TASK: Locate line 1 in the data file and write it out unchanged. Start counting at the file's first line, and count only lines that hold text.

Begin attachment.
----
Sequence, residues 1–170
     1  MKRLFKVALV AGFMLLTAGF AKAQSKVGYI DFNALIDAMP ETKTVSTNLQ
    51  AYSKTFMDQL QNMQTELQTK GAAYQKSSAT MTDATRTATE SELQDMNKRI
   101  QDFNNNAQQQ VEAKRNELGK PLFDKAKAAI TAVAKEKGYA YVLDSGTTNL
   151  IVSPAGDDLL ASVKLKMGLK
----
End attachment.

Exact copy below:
Sequence, residues 1–170